Thursday, December 16, 2010

Separate Worms From Compost



"How do I separate my worms from the compost?"  One of my customers ask me this question recently.  It's been asked frequently throughout the years.

There a several ways to separate your worms from the old bedding (vermicomost or worm compost) and I'd like to discuss some of them today.  The amount of worm compost and worms you have will determine the method you use.

1.  Hide and Seek:  If you just have a worm bin or two that you use for vermicomposting, you can use this method of separating out your worms from old bedding.  It also works suprisingly well for large amounts of worms and bedding.

Set up a table near your worm bed, out of the sun but in daylight.  Scoop out your  bedding/worms into several small pile beside each other on the table top or board.  The worms will instantly crawl towards the bottom and center of each pile to escape the light.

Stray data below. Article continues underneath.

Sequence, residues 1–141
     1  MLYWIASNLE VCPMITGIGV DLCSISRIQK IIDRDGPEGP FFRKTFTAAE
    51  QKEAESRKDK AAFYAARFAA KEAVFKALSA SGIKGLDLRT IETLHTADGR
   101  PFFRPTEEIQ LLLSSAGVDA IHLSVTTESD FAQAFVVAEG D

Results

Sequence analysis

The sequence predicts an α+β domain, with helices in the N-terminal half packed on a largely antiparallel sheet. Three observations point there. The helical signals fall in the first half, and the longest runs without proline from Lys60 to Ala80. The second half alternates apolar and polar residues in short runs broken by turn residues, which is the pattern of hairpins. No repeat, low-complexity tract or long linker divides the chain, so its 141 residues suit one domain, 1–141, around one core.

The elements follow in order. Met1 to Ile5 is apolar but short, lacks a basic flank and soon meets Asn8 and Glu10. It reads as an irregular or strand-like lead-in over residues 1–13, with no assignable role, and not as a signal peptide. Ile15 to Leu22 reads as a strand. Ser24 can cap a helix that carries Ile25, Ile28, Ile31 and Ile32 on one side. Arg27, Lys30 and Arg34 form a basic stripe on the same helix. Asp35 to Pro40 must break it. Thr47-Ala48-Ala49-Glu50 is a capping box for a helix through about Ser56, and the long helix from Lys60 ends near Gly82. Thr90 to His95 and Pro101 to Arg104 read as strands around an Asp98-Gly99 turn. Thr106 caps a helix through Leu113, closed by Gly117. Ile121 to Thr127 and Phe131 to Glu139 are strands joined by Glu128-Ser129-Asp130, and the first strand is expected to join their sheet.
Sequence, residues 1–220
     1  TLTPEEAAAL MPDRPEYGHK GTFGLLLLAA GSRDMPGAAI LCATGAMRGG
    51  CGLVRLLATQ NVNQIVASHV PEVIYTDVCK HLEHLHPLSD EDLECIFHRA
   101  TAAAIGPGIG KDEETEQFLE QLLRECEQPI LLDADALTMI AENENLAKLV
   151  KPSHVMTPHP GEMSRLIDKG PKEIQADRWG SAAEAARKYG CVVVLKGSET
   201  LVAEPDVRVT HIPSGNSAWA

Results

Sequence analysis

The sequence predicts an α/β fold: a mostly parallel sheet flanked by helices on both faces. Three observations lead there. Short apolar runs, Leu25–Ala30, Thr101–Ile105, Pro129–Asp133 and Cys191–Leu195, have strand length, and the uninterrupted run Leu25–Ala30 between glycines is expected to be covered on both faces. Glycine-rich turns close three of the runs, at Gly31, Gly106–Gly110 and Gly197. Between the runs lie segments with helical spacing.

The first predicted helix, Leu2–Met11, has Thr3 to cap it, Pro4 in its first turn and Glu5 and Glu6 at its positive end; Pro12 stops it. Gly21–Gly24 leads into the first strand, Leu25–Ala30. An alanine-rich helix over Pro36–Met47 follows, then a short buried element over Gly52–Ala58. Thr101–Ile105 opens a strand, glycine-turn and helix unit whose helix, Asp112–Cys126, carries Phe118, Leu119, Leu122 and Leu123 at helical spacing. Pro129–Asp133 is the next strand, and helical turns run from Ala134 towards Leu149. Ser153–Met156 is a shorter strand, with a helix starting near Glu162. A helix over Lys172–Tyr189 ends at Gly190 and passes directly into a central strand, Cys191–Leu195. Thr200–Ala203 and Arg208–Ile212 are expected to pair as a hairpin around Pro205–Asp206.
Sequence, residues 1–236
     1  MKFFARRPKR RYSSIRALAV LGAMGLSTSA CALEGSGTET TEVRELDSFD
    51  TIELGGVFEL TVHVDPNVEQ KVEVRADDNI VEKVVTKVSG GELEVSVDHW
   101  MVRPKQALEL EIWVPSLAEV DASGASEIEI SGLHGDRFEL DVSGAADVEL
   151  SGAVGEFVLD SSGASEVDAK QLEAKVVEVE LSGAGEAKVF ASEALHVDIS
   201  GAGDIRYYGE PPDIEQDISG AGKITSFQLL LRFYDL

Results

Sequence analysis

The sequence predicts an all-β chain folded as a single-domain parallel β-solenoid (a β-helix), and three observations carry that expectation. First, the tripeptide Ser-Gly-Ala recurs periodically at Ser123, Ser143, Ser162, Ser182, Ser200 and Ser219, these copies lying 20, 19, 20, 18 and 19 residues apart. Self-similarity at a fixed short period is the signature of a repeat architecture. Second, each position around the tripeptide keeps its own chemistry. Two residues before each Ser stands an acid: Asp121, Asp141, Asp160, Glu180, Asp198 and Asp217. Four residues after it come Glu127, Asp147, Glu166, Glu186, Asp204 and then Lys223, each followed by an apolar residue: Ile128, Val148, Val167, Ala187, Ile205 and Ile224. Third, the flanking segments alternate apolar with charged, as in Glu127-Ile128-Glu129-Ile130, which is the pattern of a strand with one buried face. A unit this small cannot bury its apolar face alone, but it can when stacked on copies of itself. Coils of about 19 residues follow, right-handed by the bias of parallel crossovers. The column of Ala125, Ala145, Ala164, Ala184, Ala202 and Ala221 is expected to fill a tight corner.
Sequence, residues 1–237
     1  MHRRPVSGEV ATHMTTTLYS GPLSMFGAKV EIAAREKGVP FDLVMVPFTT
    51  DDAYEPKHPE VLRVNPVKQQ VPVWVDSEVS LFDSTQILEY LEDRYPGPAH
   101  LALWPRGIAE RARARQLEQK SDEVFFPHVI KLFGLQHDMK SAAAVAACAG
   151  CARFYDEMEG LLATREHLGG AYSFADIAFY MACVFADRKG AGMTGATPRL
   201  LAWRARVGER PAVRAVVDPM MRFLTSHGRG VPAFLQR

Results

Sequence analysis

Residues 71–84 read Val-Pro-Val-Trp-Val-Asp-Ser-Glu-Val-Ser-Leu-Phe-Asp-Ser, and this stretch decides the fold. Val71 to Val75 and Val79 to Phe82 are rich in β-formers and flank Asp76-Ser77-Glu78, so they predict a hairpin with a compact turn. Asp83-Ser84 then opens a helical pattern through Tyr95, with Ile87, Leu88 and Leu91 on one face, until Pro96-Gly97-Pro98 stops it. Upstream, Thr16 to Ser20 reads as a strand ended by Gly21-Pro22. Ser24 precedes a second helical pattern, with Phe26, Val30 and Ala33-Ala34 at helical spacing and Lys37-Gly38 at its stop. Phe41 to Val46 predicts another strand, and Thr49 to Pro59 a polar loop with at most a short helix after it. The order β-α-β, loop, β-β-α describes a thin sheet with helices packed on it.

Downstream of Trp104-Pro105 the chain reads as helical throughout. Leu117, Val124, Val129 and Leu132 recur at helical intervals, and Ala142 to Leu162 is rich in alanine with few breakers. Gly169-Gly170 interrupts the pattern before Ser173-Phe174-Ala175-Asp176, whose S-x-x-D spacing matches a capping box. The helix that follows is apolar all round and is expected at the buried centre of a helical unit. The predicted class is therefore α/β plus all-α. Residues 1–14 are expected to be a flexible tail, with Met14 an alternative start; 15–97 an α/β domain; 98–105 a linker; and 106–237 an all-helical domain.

Going from pile to pile, dust off the empty bedding into a container as the worms dissapear.  As you move along, the worms in each pile will have time to move further into the bedding.  Eventually, the worms will form into a squirmy ball. 

Don't try to remove every last bit of old bedding, since exposure to light and drying air damages the worms.  You're just trying to remove the majority of it without hurting your worms.

Once you have removed the bulk of the old bedding or vermicompost and castings, place your worms into fresh, moistened bedding (which you should have prepared in advance).  Cover your worms to protect them from drying out and UV damage.
2.  Shaken Not Stirred:  For this method of separating out worm compost, you need to build screens with which to "shake out" the worms. 

Build two screens, one with 1/4 inch hardward cloth, the other with 1/8 inch hardware cloth.  The smaller grade of screen allows you to separate out the smaller worms and eggs.  Build the larger grade screen to fit the top of your worm bed.  Add a lip to the bottom to hold it in place as you slide the screen back and forth across the worm bed. 

Prepare a container with some moistened peat moss to hold the harvested worms.  Remove any uneaten food from the top of the bedding and place your screen at one end of you bed.  Scoop out some worm/compost, place in the screen and slide it back and forth.  The compost will fall through leaving the worms in the screen.